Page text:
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Business News/ Specials / You probably know 611 people. Here’s how we know.
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You probably know 611 people. Here’s how we know.

wsj

Asking how many Michaels you know unlocks all sorts of knotty social and demographic puzzles.

British anthropologist Robin Dunbar, drawing on studies of the brain sizes of humans and other primates, estimates a person can only maintain about 150 relationships. (Image: Pixabay)Premium
British anthropologist Robin Dunbar, drawing on studies of the brain sizes of humans and other primates, estimates a person can only maintain about 150 relationships. (Image: Pixabay)

How many people do you know? You’ve probably never counted. Well, now you don’t have to. Tyler McCormick has worked it out: around 600.

Or more precisely 611, according to estimates by McCormick, a professor in the statistics and sociology departments at the University of Washington. That’s a national average, but McCormick can actually compute an estimate for you, or anyone. His technique is a fascinating illustration of the power of statistics to illuminate society: not just how many acquaintances the average person has, but the number of homeless and other hard-to-reach populations.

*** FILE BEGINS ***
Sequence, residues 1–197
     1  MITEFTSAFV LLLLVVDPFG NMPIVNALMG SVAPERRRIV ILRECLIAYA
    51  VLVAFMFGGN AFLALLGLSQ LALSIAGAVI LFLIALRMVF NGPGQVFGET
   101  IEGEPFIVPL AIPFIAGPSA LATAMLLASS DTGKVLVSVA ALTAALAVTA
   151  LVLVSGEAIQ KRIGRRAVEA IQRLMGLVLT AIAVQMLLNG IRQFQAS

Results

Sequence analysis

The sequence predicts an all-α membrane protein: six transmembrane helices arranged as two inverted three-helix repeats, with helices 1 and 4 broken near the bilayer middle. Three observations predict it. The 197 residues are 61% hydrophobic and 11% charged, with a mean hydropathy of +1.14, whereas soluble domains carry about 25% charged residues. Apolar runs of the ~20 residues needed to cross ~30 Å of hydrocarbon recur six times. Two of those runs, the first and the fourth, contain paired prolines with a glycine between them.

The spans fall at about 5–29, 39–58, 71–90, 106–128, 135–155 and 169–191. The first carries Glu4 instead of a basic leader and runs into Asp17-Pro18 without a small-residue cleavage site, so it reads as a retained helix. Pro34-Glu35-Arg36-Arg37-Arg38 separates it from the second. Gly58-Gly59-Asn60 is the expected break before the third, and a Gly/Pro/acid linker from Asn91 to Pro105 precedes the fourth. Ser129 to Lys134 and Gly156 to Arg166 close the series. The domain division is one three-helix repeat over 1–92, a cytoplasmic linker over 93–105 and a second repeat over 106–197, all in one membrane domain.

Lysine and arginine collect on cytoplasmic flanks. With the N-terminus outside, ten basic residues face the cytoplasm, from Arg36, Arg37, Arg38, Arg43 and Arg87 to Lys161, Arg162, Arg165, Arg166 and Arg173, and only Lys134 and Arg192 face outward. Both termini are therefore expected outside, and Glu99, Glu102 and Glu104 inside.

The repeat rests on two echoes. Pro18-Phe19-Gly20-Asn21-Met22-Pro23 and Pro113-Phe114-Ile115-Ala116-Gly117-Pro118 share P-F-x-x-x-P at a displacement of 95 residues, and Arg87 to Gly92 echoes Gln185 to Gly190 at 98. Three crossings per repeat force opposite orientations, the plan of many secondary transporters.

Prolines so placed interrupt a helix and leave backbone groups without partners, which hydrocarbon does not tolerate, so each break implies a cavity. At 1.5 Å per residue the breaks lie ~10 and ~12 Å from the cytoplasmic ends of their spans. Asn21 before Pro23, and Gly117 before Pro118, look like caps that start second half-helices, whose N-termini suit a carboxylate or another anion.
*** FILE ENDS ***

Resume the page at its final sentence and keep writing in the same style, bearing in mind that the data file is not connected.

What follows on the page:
There are different degrees of how well you know people. This particular measure is a broad one.

Asked how many close friends they have, about half of Americans say three or fewer, according to a 2021 survey. The British anthropologist Robin Dunbar, drawing on studies of the brain sizes of humans and other primates, estimates a person can only maintain about 150 relationships. The so-called Dunbar number, he has said, “applies to quality relationships, not to acquaintances." A Pew Research study found adults on Facebook had an average of 338 friends on the site.

Your acquaintances might help more than your friends

The number of people you know, without considering them friends, is probably much larger. McCormick’s definition: “that you know them and they know you by sight or by name, that you could contact them, that they live within the United States, and that there has been some contact" in the past two years.

This broader circle of acquaintances, as opposed to friends, matters quite a bit. The sociologist Mark Granovetter posited in a 1973 paper, “The Strength of Weak Ties," that casual connections and acquaintances are more helpful when it comes to job hunting than close friendships.

LinkedIn demonstrated this with a five-year experiment in which its People You May Know algorithm randomly suggested that some users connect to others with strong ties—they had overlapping careers or contacts—and suggested that others connect to users with only peripheral connections. Sure enough, the latter group was more likely to find a new job.

Weak ties are tricky to measure. Who sits around and enumerates how many people they know?

Count your Michaels